In simple terms, you cannot drain pool water into the streets, curbs, catch basins, gutters, ditches, channels, and ultimately, into storm drains (which flow directly into local streams)!
Do not drain pool or spa water into your septic system, as it may cause system failure. Make sure the water is not cloudy, the pH is neutralized, and the chlorine or other disinfectant residual is below 0.1 milligrams/liter (parts per million).
The first choice for draining swimming pool water should be to drain pool water into the sanitary sewer. In-ground pools typically have a sanitary sewer drainage inlet near the pool equipment. Pools and spas not plumbed with a sanitary sewer drainage inlet can be drained to a sanitary sewer line plumbed to the home.
Pool water should never be drained to the street or the storm drain. Storm drains in the Bay Area typically run into local creeks, rivers and the bays.
As noted, typical maintenance or winterizing your pool shouldn't require you to completely drain the water. You risk damaging your pool liner and the structure of your above ground pool.
If you've ever needed to drain your pool, it's likely you've already encountered a submersible pump. A submersible pump, as the name implies, operates while fully submerged in water. These pumps feature a lot of horsepower, and primarily drain the water safely from swimming pools and spas.
Flooding Your Grass Is Not A Good Idea
The problem with draining your pool in the yard, if permitted by your local water regulatory laws, is that it will quickly reach its saturation level and increase the risk of flooding your lawn, drowning the roots of your grass, and attracting mosquitoes.
A freshly chlorinated pool should not be discharged into the yard; the chlorine is harmful to yard plants and the environment as a whole. Using a test kit, your pool water needs to reflect a certain concentration of chlorine, such as 0.1 ppm (parts per million), before it is safe to drain into your yard.
But did you know there's an easy way to reuse the water that's already in the pool? All you have to do is recycle it! Meet reverse osmosis — the best way to purify your swimming pool water. It works by pushing the existing water through semipermeable membranes that hold off any impurities, particles, and buildup.
Run a hose from your swimming pool to the sanitary sewer access port or your indoor drain. Attach a submersible sump pump to the other end of the hose and place it in the deep end of the pool. Many cities have ordinances dictating the allowable flow rate of the sump pump you use when draining pool water into the sewer.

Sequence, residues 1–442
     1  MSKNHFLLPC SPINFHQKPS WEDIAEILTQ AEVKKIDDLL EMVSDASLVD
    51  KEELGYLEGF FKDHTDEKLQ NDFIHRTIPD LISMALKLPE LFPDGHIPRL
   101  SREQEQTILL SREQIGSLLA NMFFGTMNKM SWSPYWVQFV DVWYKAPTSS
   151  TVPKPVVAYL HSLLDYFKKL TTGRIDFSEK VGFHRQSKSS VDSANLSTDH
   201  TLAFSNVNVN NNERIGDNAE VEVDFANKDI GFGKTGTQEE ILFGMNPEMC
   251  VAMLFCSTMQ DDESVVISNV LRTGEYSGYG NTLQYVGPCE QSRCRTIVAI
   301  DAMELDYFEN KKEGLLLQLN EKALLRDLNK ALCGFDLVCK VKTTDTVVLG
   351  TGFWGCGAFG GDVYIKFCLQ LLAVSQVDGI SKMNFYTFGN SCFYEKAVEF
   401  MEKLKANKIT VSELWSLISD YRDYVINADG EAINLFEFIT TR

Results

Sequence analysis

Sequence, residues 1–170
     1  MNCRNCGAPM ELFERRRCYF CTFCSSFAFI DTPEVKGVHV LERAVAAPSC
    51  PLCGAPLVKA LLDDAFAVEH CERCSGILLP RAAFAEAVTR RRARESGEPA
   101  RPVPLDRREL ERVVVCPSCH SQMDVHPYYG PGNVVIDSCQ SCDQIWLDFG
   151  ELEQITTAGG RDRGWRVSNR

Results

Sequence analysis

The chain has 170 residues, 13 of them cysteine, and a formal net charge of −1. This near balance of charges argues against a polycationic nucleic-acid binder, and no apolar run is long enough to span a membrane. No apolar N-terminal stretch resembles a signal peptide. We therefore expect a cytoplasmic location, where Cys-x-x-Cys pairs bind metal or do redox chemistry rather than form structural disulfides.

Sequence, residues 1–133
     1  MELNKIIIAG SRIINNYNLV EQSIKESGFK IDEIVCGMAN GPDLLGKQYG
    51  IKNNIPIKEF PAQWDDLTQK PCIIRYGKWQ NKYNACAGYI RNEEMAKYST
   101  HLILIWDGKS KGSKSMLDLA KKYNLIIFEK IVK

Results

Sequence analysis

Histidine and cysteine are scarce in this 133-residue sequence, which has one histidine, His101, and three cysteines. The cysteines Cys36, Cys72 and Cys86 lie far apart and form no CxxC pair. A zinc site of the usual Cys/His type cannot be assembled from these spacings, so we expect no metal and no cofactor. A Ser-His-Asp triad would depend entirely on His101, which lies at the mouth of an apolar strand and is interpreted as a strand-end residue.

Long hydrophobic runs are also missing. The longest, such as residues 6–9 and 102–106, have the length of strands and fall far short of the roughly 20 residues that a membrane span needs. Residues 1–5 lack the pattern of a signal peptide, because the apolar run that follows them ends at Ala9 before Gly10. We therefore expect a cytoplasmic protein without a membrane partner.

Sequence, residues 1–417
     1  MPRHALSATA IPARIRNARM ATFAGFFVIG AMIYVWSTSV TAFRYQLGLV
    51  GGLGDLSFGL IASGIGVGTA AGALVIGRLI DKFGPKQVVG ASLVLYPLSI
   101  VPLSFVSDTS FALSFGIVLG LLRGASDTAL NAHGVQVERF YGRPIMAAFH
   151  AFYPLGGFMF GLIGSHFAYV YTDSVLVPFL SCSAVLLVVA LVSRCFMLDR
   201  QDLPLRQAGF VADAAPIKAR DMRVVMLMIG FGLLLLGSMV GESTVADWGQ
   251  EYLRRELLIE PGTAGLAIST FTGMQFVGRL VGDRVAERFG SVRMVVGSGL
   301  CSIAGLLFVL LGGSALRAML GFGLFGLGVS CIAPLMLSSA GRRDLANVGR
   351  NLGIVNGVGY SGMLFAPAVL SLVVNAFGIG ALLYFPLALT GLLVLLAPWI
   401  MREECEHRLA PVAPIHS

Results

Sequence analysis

If ground water is not a problem a pool can be left empty for weeks or even months as long the hydrostatic relief in the bottom of the pool is open and functioning. If the time frame of the pool being empty gets into freezing weather there is real risk of freeze-thaw damage to surface of the pool.
Draining a pool can take up to 14 hours, depending on the size, so be sure to drain it on a day when you have sufficient free time. You need to be home to check on the pool, the hoses, and the pump frequently. Do not let the pump run dry or it can become damaged.
Because there is no main drain on most aboveground pools, you will only be able to lower the water to the bottom of the intake or skimmer, using your aboveground pool filter system. To drain an aboveground pools, either a). Use small submersible electric pump and garden hose, or b).
During normal operation, water flows to the filtering system through two or more main drains at the bottom of the pool and multiple skimmer drains around the top of the pool. The main drains are usually located on the lowest point in the pool, so the entire pool surface slants toward them.
Generally, pool water needs to be replaced once every five to seven years. This should be done during mild weather so that your pool surface is not at risk from strong sunlight and heat. Your pool maintenance company can recommend when it is time to drain your pool.
The average outdoor spigot on a home can produce up to 12 gallons per minute. A small pool can be filled in a few hours, while a large one can take 14 hours.
Most in-ground pools will have to be drained and refilled at some point. But cleaning should not be the reason to do it. Pools will need to be drained and refilled every 5-7 years on average, or if there is a major necessary repair. Otherwise, avoid draining your pool if at all possible.
If you have an above-ground pool with a vinyl pool liner, drain the pool to about 1 inch below the bottom of the skimmer mouth. It's acceptable to drain the pool a few more inches below that if you live in an area that gets heavy precipitation during the winter months.
You'll need to keep draining water off the cover with a pump or siphon to protect it from damage. Important: Never drain an above ground pool completely when winterizing. Your vinyl liner can dry out, shortening its life considerably.
At an average of $0.004 per gallon, city water is the most inexpensive and most popular option. For 15,000 to 30,000 gallons, you'll pay between $60 and $120.
The water in the pool helps hold the liner into place. If you drain your pool you can cause your vinyl pool liner to shrink and upon refilling, if the liner has lost its elasticity it can cause the liner to rip or tear. The liner can also become hard and brittle.
A 10,000 gallon pool will take about 14 hours to drain, the maximum rate recommended by the City of Phoenix.